As far as I'm concerned, knowing the stage is only really useful to lend a certain gravitas to playing the cancer card. I mean, the higher the stage, the greater the power of the card. And even if I was interested in my stage beyond the persuasive power it affords me, it's not really that informative. Sure, there are survival rates associated with each stage, but they aren't very meaningful. I mean, there are a ton of factors which are important for my survival that aren't captured in staging. For example, cancers that are hormone receptor positive are more treatable than those that are receptor negative. My cancer is extremely estrogen responsive (90% of the cancer cells were ER+) and somewhat progesterone receptor positive (10% PR+). That's great because that means my cancer is can be treated through hormonal therapy (i.e., one additional way to kill the cancer), and the hormone therapy should be very effective. The aggressiveness, or grade, of the cancer also matters. I have a grade 2 cancer, which is only moderately aggressive, so I'm in good shape there. My age and generally good health (besides the cancer, of course) means more treatments are available to me, and I can bounce back from treatments more quickly. So, that's good too. Basically, I could look at the prognosis for the different stages, but they would tell me very little about my personal survival outlook.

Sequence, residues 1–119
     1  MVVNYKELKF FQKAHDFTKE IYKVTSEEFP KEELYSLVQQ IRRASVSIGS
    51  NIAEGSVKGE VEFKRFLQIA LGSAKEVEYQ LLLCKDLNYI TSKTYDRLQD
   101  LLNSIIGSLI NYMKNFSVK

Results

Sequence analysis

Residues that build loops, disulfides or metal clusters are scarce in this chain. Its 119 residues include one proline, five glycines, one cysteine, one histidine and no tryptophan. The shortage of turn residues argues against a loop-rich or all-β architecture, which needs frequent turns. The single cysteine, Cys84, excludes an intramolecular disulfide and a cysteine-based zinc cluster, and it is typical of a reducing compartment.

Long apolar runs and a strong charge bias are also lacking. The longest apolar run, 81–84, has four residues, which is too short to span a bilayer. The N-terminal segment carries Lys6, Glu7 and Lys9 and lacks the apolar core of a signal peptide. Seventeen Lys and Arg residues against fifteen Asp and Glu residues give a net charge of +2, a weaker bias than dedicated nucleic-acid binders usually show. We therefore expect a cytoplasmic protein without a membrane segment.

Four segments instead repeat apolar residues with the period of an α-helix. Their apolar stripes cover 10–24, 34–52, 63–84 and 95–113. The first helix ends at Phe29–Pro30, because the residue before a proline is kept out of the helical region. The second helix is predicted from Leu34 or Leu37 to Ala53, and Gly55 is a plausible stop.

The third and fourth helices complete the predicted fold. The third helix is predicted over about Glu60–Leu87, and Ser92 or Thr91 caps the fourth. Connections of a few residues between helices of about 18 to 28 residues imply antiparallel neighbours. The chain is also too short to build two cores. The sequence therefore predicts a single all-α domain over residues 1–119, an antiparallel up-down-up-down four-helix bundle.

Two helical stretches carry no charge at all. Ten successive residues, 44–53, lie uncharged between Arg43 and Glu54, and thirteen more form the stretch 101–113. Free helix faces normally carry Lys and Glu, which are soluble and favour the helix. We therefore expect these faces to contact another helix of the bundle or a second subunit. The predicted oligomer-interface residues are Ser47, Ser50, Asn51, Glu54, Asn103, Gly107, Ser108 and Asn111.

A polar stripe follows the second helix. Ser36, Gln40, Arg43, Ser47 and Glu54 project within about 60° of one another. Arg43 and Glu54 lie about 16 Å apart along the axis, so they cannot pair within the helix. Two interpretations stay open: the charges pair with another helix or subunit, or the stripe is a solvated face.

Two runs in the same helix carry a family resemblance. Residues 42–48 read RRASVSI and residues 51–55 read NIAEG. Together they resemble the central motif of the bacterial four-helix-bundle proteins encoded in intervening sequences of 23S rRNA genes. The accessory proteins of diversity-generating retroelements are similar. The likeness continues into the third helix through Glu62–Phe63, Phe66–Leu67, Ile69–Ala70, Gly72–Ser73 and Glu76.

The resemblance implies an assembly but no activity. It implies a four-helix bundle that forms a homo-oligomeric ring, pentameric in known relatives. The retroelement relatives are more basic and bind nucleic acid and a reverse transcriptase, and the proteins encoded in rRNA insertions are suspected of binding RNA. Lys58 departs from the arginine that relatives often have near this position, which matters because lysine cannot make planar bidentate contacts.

Another thing worth noting is that (and scientists that are reading this, you may want to look away now), statistics are basically meaningless to me now. I'm young. My family has no history of breast cancer and a relatively low level of overall cancers. I am already an outlier. Not only that, but even among young women with breast cancer, it is very rare for a woman my age to have a grade 2, ER/PR+ cancer. Most young women develop much more aggressive, much less treatable cancers. So even within my outlier status, I'm an outlier. And once you've been one of those one-in-a-million cases, it's hard to look at probabilities the same way again. So, I'm doing to do what my doctors tell me and take the best care of myself that I can, and otherwise I just don't worry about it.

(A little aside regarding cancer statistics: No one really knows how or when they are going to die. I didn't know that before I had cancer, and I don't know it now. So, I don't see much point in worrying whether or not the cancer will kill me. Maybe it will, and maybe it won't, but I could say that every time I get in a car or cross the street. I don't see any point to stressing about dying just because I have one more potential thing that could kill me than other people. I mean, I could have taken up an extreme sport, and it would have been the same thing.)

What to expect from the mastectomy:
Don and I are driving to Hershey tonight, and I have to be in radiology early tomorrow morning. In radiology, they will place a marker in my sentinel lymph node (a special sort of 'master lymph node'). Then, I go into surgery. For a number of reasons, I've decided to have both breasts completely removed at this time. I'll stay in the hospital overnight, and if everything goes well, I'll be released Tuesday morning. I've been told it will take a week or two before I can return to normal activity, and it will be even longer before I can lift anything.

Going forward:
Radiation: